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I think that many oldsters who have put our AA "booze cure" to severe but successful tests still find they often lack emotional sobriety. Perhaps they will be the spearhead for the next major development in AA -- the development of much more real maturity and balance (which is to say, humility) in our relations with ourselves, with our fellows, and with God. From The Next Frontier: Emotional Sobriety by Bill Wilson
If you love it enough, anything will talk to you. --George Washington Carver-- Even the common articles made for daily use become endowed with beauty when they are loved. --Soetsu Yanagi-- The value of personal relationships is that they create intimacy and intimacy creates understanding and understanding creates love. --Anais Nin--
The addict’s Second Addiction SHAME Once a person takes on a shame-based identity, it is as if they have a second and difficult addiction. Long term recovery requires recovery from shame: A going from “I am not enough” to “I am enough” Shame can grow into negative entitlement
Negative Entitlement Where we amplify the negative to the point that it distorts reality
Negative Entitlement Undermines: Family Intimacy Community Spiritual Principles Self-esteem, but not self-confidence
Shame, on a basic level, is a refusal to believe in the decency of humanity-mine or ours Shame prefers the shadows over the light; for in the light our imperfections are exposed and our need for others is exposed.
Etiology Of Shame Often starts when a person’s thoughts, feelings or physical being are being treated like an object or a thing Can start when person has their powerlessness regularly held in front of them so that they can’t escape the feeling Or when a person experiences events that they are not developmentally ready to experience and can’t incorporate into their being
“Shame is an inner sense of being completely diminished or insufficient as a person. It is the self judging the self. A moment of shame may be humiliation so painful or an indignity so profound that one feels one has been robbed of her or his dignity or exposed as basically inadequate, bad, or worthy of rejection. ” --M. Fossum & M. Mason. Facing Shame--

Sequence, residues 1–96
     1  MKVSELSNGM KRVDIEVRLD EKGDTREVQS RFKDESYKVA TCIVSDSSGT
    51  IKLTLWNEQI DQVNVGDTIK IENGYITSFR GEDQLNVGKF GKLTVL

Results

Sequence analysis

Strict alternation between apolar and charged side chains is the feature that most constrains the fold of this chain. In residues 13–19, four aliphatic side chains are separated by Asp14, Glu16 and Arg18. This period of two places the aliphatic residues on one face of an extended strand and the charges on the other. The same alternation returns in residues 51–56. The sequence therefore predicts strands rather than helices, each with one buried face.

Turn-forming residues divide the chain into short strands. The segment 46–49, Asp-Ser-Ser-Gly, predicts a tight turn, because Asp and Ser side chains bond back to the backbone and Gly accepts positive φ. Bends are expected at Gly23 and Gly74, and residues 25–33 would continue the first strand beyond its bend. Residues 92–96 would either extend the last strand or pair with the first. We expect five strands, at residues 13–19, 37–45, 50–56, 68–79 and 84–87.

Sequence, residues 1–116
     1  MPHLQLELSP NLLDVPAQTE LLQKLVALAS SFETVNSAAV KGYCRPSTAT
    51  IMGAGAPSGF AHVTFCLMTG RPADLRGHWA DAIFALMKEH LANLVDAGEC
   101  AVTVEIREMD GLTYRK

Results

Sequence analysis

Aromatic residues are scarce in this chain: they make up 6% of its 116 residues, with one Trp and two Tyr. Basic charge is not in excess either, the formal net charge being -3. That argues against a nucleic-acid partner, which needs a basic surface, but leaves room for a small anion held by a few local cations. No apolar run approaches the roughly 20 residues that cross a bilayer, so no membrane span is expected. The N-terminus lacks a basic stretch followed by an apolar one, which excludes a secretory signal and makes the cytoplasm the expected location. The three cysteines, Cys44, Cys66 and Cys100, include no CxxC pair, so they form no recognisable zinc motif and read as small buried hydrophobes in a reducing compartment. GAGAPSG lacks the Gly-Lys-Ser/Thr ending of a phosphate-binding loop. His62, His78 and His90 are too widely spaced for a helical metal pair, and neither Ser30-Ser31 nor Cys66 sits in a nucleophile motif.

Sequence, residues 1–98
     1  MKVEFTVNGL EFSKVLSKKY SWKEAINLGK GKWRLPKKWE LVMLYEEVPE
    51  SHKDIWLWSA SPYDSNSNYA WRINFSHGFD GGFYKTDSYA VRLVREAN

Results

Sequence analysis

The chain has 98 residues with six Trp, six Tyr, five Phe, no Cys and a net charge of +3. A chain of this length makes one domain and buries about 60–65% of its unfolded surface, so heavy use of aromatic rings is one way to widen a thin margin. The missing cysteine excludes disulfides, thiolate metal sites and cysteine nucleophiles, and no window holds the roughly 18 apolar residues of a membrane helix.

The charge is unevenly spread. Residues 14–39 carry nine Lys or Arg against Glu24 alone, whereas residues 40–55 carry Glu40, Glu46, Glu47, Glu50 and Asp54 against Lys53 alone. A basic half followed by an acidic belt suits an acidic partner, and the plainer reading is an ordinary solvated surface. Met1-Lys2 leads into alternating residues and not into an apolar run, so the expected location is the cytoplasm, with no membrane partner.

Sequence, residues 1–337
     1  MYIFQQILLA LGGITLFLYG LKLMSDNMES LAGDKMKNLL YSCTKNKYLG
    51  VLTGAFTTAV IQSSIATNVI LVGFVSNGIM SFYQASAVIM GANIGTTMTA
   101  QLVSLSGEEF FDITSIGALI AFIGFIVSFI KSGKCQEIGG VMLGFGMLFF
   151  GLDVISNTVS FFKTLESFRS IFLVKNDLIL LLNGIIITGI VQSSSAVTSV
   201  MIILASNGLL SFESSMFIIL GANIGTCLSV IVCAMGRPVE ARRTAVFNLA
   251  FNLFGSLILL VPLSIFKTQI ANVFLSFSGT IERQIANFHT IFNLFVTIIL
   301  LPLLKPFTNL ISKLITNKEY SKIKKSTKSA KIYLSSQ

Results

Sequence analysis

The Mechanics of Shame • Message given internalized • Guilt not listened to, transformed to shame • Skills lacking, plus inability to ask for help • Behaviors and thoughts become reinforcers • Relationships are sought out that reinforce shame • What’s internalized is now more unconscious than conscious • shame messages are now Core beliefs • Success now needs to be sabotaged • Two primary ways of relating to others: see self as victim or transfer shame onto others
Rules That Govern Shame-Bound Systems Merle Fossum and Marilyn J. Mason’s book: Facing Shame: Families in Recovery 1. Be in control of all behavior and interactions. 2. Perfection: always be “right. ” Do the “right” thing. 3. If something doesn't happen as you planned, blame someone (yourself or someone else). 4. Deny feelings, especially the negative and vulnerable ones like anxiety, fear, loneliness, grief, rejection, neediness and caring. 5. Unreliability: don't expect reliability and consistency in relationships. 6. Incompleteness: don't complete transactions. 7. No talk rule: don't talk openly about disrespectful, shameful, or compulsive behavior. 8. When disrespectful, shameful, abusive or compulsive behavior occurs, use disqualification or denial to reframe or disguise it.
Additional Rules That Are Found Within Shame Bound System • If there is pain, then someone must pay • You are not allowed to emotionally grow past the shame without leaving the family or being seen by family as a traitor
Layers of Emotional Responses One Encounters When Confronting The Shame-Based Personality If one pushes to go past manipulation, anger is met, for shame-based personalities feel like their basic needs are being thwarted. Beneath their anger at being stopped is a sense of…. © Craig Nakken 2008
Blame Within Relationships Blame and shame are the same. Blame is just about who is going to get struck with the shame. Blame is a covert statement of “I’m a failure” A failure to take responsibility “I’m not a part”
Recognizable Characteristics of the Shame-Bound System A mixture of control and chaos The personally blaming and disqualifying messages members give each other • Verbal and nonverbal statements of shame • The failure to complete transactions The therapists’ subjective sense of mystification or missing pieces Exaggerated affective responses disproportionate to the event From Facing Shame by Merle Fossum & Marilyn Mason
PAIN ABOUT ONE’S ACTIONS GUILT ONESELF SHAME Guilt is not optional. We are all guilty. Shame is optional.
“Guilt is developmentally more mature, though painful; it is the feeling of regret one has about behavior that has violated a personal value. ” --Fossum & Mason--
Transformation of Shame Into Guilt Care of Self Honesty Admission of Mistakes Care of Others + Return to Relationship/s = Guilt and Insights
TRAGEDY CRISIS PROBLEMS Sensations What is different about above this line that makes more attractive to addicts? ISSUES SITUATION INCIDENT DILEMMA We will have all of these, healthy Families are better at keeping Incidents, situations and issues as Incidents, situations and issues and not Turning them immediately into problems or crises.
Situations Dilemmas Issues Problems Emotions Signal Danger Defense: • Mechanisms • Systems • Reactiveness • Blaming • Isolation • Etc. Principles and Value System • Solutions • Seeking out others for: • Knowledge • Connections